I’m busy getting ready to run the seventh iteration of my Call of Cthulhu scenario, Temple in the Sands, and I probably won’t have anything for you this Wednesday due to traveling. But last weekend I had the chance to play a game of Shadowrun again, something I don’t often have an opportunity to do. I had a good time, but I think I realized why it was that I play it so infrequently; Shadowrun looks like a chore and a half to run when compared with all the other RPGs that I play.
Shadowrun reminds me a bit of a glamorous ass. You know what I’m talking about: one of those people with so much style, and with so many good stories told about them, that you forget just how frustrating they can be in person. If you spend enough time hanging around them the aggravation (mostly) disappears into the background noise, but there’s a lot of settling in and acclimatizing that you have to do first. And every so often (usually right in the middle of something that is pretty cool) you get a reminder of why you thought the person was an ass in the first place. But because it’s so glamorous, because it’s practically oozing cool, I keep wanting to come back to it like the sucker I am. I can explain, I swear.
Oozing with cool. That part is important to remember. Shadowrun took the cyberpunk future of the 80s and wrapped it in the fanciest of duds, covered it in so much magical and cybernetic bling that the setting is practically dripping with expensive gold trinkets. If Shadowrun were a person with a taste for expensive dental ornamentation, its diamond grill would have a diamond grill.
But that’s both a strong point and a weakness. There are so many different kinds of things that you can be, so many different things that you can do, that there’s no concrete central mechanic or system that binds the whole game together. The rule book is laden with interesting things, and written to tell you a story about the setting that will let its style seep in through your every pore, but it is rarely comprehensive or easy to use.
Compare that with a GURPS book. Nearly every book written for GURPS is easy to use, easy to navigate, and has readily accessible tables where necessary. In some cases GURPS books can be a little dry, but the game is called Generic Universal Role-Playing System for a reason. Shadowrun also has tables, and some charts, and it has pages and pages of specific actions that you can take for specific circumstances (I’m looking at you, Matrix chapter), but good luck if you want to reference those quickly by simply glancing at a page, or find them easily in relation to a clear heading, or even in a sidebar. And where GURPS has vast quantities of rules, many of which you may never wish to use, it also has pretty clear break points where the book says “You don’t need to know this if you want to play a good game of GURPS, it’s all strictly optional.” Shadowrun just has the vast quantities of rules.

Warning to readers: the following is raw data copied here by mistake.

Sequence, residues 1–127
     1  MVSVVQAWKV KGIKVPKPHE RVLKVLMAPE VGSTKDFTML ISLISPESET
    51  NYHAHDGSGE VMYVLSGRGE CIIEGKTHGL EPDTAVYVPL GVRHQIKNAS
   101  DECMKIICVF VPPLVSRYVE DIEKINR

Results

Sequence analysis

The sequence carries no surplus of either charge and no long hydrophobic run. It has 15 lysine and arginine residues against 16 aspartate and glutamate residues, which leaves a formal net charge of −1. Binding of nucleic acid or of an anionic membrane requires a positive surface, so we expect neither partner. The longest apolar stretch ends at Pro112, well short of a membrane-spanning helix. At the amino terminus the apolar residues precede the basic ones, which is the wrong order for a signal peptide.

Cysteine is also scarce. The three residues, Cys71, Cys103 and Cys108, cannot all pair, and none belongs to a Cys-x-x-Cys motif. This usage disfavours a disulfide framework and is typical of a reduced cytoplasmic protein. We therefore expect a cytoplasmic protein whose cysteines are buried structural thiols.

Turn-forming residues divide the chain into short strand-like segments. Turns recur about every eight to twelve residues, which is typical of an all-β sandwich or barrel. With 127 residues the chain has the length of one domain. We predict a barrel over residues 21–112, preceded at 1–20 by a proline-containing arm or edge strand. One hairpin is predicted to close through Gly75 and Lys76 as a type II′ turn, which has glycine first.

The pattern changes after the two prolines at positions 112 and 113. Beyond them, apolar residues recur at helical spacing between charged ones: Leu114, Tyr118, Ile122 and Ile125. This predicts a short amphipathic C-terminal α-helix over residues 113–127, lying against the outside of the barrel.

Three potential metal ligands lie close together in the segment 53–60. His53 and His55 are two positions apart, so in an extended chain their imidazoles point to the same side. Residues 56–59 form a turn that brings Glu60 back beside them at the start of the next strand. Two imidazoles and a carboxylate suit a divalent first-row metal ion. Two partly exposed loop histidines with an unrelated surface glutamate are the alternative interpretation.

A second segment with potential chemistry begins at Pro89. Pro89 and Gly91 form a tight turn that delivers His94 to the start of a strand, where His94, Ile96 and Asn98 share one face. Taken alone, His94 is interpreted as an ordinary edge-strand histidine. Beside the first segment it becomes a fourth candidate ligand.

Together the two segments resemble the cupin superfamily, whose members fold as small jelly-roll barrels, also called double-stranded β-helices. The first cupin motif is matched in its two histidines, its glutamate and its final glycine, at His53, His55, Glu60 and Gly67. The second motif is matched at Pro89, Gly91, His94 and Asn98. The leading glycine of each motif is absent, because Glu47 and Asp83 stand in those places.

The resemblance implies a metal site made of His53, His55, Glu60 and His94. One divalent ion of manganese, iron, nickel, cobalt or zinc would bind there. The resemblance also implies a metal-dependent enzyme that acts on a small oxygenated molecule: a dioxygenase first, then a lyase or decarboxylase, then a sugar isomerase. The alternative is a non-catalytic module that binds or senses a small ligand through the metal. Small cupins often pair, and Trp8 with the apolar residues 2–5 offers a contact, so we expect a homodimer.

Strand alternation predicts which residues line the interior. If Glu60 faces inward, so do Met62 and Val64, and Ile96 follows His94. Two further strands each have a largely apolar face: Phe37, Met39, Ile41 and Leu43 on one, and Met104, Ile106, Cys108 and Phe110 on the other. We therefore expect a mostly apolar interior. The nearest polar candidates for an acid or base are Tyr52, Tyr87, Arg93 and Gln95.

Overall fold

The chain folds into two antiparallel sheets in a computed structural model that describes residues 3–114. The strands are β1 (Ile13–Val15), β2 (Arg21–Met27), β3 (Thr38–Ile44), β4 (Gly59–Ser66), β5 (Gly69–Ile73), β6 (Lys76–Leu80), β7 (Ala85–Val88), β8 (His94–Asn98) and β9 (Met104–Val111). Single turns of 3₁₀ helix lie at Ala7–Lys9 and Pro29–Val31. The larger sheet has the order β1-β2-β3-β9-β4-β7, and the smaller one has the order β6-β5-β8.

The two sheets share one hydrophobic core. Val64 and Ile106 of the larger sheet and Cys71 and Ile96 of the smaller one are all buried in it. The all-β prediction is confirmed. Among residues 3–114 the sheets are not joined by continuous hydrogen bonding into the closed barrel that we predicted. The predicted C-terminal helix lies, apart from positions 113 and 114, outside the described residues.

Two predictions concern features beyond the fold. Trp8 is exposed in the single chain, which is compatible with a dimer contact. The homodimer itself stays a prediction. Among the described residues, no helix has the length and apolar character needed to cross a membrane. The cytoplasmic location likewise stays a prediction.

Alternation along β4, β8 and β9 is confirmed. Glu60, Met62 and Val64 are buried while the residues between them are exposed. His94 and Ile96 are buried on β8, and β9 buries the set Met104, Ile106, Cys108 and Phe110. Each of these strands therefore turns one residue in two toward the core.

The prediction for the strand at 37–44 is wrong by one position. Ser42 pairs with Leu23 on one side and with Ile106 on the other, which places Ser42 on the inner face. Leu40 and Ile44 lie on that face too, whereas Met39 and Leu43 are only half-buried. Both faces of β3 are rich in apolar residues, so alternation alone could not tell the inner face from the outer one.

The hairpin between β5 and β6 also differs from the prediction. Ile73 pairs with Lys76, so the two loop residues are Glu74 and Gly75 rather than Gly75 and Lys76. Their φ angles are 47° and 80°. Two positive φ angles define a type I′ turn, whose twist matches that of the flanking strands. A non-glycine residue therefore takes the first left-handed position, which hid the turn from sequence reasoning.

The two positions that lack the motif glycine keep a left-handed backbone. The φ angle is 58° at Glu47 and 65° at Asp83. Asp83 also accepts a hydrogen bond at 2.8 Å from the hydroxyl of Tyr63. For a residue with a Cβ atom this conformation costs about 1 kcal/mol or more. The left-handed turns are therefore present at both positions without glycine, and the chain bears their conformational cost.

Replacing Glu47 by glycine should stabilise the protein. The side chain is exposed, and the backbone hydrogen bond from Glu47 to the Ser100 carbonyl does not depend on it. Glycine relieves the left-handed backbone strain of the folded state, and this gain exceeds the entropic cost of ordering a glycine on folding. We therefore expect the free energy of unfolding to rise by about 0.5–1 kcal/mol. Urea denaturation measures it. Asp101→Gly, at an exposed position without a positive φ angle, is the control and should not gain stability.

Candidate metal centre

The many and varied fiddly bits of the system allow for plenty of cool things: our party had a street samurai who was more machine than woman, a rigger who lived vicariously through his large collection of drones, a healing and fighting mage, a magical troll capable of punching your soul, and a hacker who was able to summon machine spirits and ask computers to do favors for him. But the complexity takes its toll. Among other things, character creation is an elaborate struggle, especially when it comes to buying gear. Which diamond grill do you want? And which diamond grill do you want on your diamond grill?
Ok, that’s not entirely fair. It only took me ten to fifteen minutes to pick out the wireless enabled heavy machine gun that my hacker would have our troll carry and deploy for me to use, complete with its smart firing platform, gas venting system, and internal smartgun links. And I do tend to take a long time shopping for RPG characters when I have big lists to chose from. But Shadowrun is also the kind of game that will laugh at you when you stumble because you don’t have the best (or the right) gear.
In some ways, signing up to play Shadowrun is signing up to jump through those hoops and be rewarded for just how outside the box you can think when it comes to approaching your problems. I rather like that part of it, even when I don’t do a very good job. But like I said at the beginning, every so often you hit those moments of frustration where the beautiful fiction of slick freelance criminals in the grim cyberpunk future breaks apart, and you go hunting through the books again for that one rule because what you’re doing just doesn’t make sense. It’s certainly a wonderful experience, you just have to put up with seeing the glaring cracks every once in a while as things bog down.
So. I love the cool, I love the style, and I will keep playing games of Shadowrun. But I really do wish that it could somehow take all the slickness that it embodies in its setting and use that to smooth out the bumps in its rulebooks. It would also be nice if technomancers were more than simply computer shamans. Presumably that will change in some future supplement.